The pamphlet is available from Bookmarks bookshop, 1 Bloomsbury Street, London WC1B 3QE. Phone 020 7637 1848

7 Oct 2013

Arriva Buses Wales could cut 46 jobs by Christmas

Bus passengers are shocked after learning a large section of the bus network around Aberystwyth is to be scrapped. A depot in Aberystwyth, Ceredigion, and stations in New Quay and Lampeter and Dolgellau could shut on 21 December following a consultation with staff. That would mean the cancellation of buses 20, 40, 40C, 50, 585 and X94 from the same date.
Arriva Buses Wales blamed public transport funding and fuel costs. Up to 46 jobs could be lost. Ceredigion council said it was not made aware of the possible cuts before the announcement was made and called for changes. The Welsh government said it was "naturally disappointed" by Arriva's proposal but it was a "commercial matter for the company".

13 Sep 2013

Cheshire: drivers to strike once a week for a pay rise

Bus workers at Network Warrington have started the first in a series of strikes in a dispute over pay. Staff at the bus company have been told there will be no pay rise for them this year, for the first time in 16 years. Network Warrington is an unusual operator in that it is run by the borough council.
The drivers say the action has also been taken because of their concerns about the way the company is being run. They will walk out one day a week for the next seven weeks in a move which has paralysed the majority of the buses. The next strike will be on Saturday 21 September.

3 Sep 2013

Paraguay: sacked drivers crucify themselves in protest

Eight Paraguayan bus drivers, who were reportedly fired from their jobs after demanding better pay and conditions, haved nail themselves to crosses in Luque, a town north of the capital, Asuncion.
The men have been lying nailed to crosses through their hands for 23 days, and have vowed to continue their protest until they are reinstated. Union leader Juan Villalba, one of the drivers crucified, said they would not give up their protest until all are reinstated. Mr Villalba claimed they had been sacked after asking for overtime pay, medical insurance and state pension contributions.
The drivers' wives are also taking turns to be nailed to crosses alongside their husbands. One appealed to the country's president to come witness their "inhuman situation". "I am joining in today. Tomorrow it will be another mum, and the following day it could be another, because we have to defend our rights," she said.
The manager of the Vanguardia bus company, Aufredi Paredes, said five of the drivers would be re-hired, but the group are refusing to return until all eight are reinstated.

Guernsey: CT Plus drivers to strike this week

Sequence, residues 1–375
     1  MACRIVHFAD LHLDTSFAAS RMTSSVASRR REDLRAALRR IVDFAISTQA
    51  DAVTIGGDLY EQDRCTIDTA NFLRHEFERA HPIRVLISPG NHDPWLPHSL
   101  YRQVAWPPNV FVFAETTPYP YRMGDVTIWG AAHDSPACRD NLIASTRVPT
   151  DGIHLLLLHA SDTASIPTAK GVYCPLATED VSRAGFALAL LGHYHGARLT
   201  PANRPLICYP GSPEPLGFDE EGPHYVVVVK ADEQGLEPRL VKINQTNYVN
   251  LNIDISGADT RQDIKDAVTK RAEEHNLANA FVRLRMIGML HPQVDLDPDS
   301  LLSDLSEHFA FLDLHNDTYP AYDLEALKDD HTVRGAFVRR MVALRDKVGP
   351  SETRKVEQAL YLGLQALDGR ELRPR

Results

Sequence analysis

Guernsey's bus drivers have voted for a two-day strike in a dispute over working hours. The action, to take place on Wednesday and Thursday, was agreed at a meeting on Sunday evening.
Unite official Bob Lanning said he was not at the meeting but he would be talking to drivers in the hope of avoiding the industrial action. Mr Lanning, who is based on the mainland, is flying to the island later on a pre-arranged visit to discuss the drivers' ongoing dispute.
In a statement the operator CT Plus said: "This action is unilateral and has not been conducted through or supported by the union, with whom we have been consulting and negotiating."
Drivers previously took industrial action for one day in June and called off a planned weekend strike.

A report on Sunday's meeting
Bus drivers said the move was not about money but was ‘an act of desperation’ against unethical working rotas and health and safety issues. A total of 25 of the 43 drivers attended Sunday night’s meeting at which 23 voted to strike and two abstained. The majority of other drivers are thought also to be in support, however. 

Drivers say they are often working from 6.30am to 9.30pm with a five- or six-hour break in the middle for which they do not get paid. Alternatively, some drivers are working 12-hour shifts with breaks of only 30 minutes.

14 Aug 2013

Jersey bus workers to strike for five days

71 workers at LibertyBus (run by CT Plus) will strike for five days this month – in a bid to get a sacked colleague reinstated.  The strikes will be from 22 to 24 August and 27 to 30 August.
Nick Corbel, Unite regional officer, said the 66 drivers and five other staff felt very strongly about the driver's dismissal. They had previously voted overwhelmingly, in two separate ballots, for strike action over a decision by LibertyBus to sack two drivers and the imposition of excessive shift patterns.
Mr Corbel said the case of the second driver had been settled and talks about the shift patterns were continuing with the guidance of the Jersey Advisory and Conciliation Service.

26 Jul 2013

Jersey: bus workers to strike over shifts and sackings

Bus workers employed by CT Plus have voted to strike over new shift patterns and the dismissal of drivers. A 24-hour strike was held on 30 December by bus drivers working for the previous operator Connex. CT Plus took over the island's service on 2 January.
The company also took over Guernsey's bus services last year. Drivers there staged a one-day strike on 10 June over concerns about new shift patterns. Further strikes were averted after the company agreed to make changes.

19 Jul 2013

First Midland drivers balloted for strikes

Bus drivers in Worcester could strike during the first day of the school summer holidays. 149 First Midland drivers in Worcestershire and Herefordshire are being balloted over the prospect of a walkout because of changes to their working conditions. Unite says its members didn’t agree to them, and it has left them worse off.